Stocks snapped a three-day losing streak Thursday, with the S&P 500 finishing just below the 1,700 mark, buoyed by stronger-than-expected Chinese trade data and following a favorable jobless claims report.
The Dow Jones Industrial Average edged up 27.65 points to finish at 15,498.32, lifted by Microsoft and Caterpillar.
The CBOE Volatility Index (VIX), widely considered the best gauge of fear in the market, finished below 13.
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Most key S&P sectors ended higher, led by materials and consumer discretionary, while telecoms finished in the red.
Major averages have been dented this week amid uncertainty about when the Fed may start winding down its stimulus program. The Dow and S&P 500 have declined more than 1 percent each for the week. The Dow is poised to log its first weekly drop in seven weeks.
"For a significant move, we need to have some clarity on what the Fed is going to be doing—we need to get to the point where we know when the Fed will be tapering and see that things will be fine economically," said Paul Hogan, managing of the FAM Equity-Income Fund. "[In the meantime,] this becomes a little bit of a stock picker's market."
Most recently, Dallas Fed President Richard Fisher told German business newspaper Handelsblatt that the central bank should begin to taper its bond purchases in September, unless the economy worsens significantly, reiterating his comments from earlier this week.
Fisher's comments echo similar sentiments from other Fed officials. On Tuesday, Chicago Federal Reserve President Charles Evans and Atlanta Fed president Dennis Lockhart both said the initial taper in the central bank's asset purchase program could start as early as September.
"The drumbeat of Fed officials point to a possible tapering later this year and these comments likely had an impact on capping the market upside and leading to a bit of profit taking," said Michael Sheldon, chief market strategist at RDM Financial Group. "September and October have been more difficult months for the markets, so it would be reasonable for investors to be cautious…monetary policy and the Fed will move to the front burner and will be the market mover in the next couple of weeks."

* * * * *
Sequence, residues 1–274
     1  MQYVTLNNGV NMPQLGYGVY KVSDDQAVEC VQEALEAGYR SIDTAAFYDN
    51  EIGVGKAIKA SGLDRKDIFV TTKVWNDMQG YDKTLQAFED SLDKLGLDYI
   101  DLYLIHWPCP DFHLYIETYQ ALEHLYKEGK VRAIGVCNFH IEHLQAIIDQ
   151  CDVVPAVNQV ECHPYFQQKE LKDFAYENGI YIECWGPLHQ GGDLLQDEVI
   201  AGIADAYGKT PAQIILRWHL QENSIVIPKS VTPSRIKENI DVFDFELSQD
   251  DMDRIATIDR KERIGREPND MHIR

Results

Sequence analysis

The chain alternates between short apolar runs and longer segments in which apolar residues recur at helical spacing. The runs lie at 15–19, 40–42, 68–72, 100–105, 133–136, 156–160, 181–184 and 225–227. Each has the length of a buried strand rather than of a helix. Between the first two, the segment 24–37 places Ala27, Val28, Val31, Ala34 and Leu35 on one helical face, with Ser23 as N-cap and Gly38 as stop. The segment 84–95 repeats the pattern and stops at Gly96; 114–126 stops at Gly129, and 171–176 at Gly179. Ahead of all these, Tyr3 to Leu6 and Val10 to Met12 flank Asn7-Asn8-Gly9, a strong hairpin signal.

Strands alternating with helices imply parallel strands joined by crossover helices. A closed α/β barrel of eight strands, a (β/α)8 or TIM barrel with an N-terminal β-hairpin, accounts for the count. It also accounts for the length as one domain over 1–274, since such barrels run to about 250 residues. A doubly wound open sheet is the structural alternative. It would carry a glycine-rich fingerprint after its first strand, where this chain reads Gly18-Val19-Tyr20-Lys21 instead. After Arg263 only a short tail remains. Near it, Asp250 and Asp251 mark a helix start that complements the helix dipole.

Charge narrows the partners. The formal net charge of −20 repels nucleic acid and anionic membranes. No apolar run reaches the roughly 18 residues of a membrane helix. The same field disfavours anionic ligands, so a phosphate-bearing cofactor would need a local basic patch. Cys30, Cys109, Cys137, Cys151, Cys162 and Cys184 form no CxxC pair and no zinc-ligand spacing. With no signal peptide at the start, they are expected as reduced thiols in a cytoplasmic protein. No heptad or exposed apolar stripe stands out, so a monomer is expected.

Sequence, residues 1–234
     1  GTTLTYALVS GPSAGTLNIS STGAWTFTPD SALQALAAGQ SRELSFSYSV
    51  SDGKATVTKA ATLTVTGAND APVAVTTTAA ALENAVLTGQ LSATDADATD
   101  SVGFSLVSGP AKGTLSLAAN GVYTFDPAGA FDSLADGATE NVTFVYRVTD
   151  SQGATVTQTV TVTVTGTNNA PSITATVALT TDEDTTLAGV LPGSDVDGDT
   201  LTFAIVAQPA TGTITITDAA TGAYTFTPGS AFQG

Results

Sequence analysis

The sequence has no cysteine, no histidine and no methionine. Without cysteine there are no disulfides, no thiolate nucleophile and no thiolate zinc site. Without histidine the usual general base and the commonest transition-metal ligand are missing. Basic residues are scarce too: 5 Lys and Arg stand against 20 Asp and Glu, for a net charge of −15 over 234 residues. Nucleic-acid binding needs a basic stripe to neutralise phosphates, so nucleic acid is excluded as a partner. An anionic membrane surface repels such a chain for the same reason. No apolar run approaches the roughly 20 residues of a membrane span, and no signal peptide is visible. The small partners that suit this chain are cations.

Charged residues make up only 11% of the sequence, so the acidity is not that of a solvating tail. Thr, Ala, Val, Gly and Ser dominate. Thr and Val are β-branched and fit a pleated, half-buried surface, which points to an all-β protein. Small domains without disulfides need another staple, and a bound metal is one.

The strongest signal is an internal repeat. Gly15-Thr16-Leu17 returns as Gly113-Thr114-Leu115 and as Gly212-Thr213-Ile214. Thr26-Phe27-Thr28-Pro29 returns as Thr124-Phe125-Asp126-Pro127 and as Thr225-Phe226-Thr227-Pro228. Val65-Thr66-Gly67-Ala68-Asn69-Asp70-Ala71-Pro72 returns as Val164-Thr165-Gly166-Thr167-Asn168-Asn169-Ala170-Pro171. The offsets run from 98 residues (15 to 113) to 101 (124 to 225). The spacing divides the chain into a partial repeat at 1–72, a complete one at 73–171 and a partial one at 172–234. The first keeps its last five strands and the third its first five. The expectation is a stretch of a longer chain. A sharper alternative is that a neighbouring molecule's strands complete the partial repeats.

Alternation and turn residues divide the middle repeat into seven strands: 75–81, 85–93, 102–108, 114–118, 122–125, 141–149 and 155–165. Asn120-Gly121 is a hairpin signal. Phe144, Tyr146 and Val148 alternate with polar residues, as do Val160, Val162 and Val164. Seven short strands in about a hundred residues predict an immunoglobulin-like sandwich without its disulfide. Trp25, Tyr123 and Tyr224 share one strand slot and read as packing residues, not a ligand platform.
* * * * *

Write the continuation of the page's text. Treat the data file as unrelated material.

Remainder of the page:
Still, Sheldon noted that market internals have been "extremely positive" over the last several months.
"So unless we see the transports, small caps, and leadership groups like the financials and consumer discretionary falter, the benefit of the doubt is still with the bulls at this point," he said.
Meanwhile, investors cheered as China posted stronger-than-expected July trade figures, rebounding after a disappointing report in June, raising hopes that the world's second biggest economy may be stabilizing. Materials stocks including Cliffs Natural Resources, Newmont Mining and US Steel rallied following the report.
"July seems to reflect a return to a 'normal', relatively uninspiring trend," analysts from Moody's said in a note. "In other words, while the worst seems to be over, the upturn will be relatively flat."
(Read more: China market bounce: trend change or false alarm?)
Meanwhile, Japan's Nikkei extended losses after tumbling 4 percent in the previous session, after the Bank of Japan opted to leave monetary policy unchanged at the end of its two-day meeting. The dollar-yen traded near a seven-week low of 96.15.
JCPenney spiked nearly 7 percent after hedge fund manager Bill Ackman wrote in a letter to the retailer's board that the company has started its search for a new CEO, replacing interim CEO Mike Ullman. Ackman is the largest shareholder in JCPenney and has a seat on the retailer's board.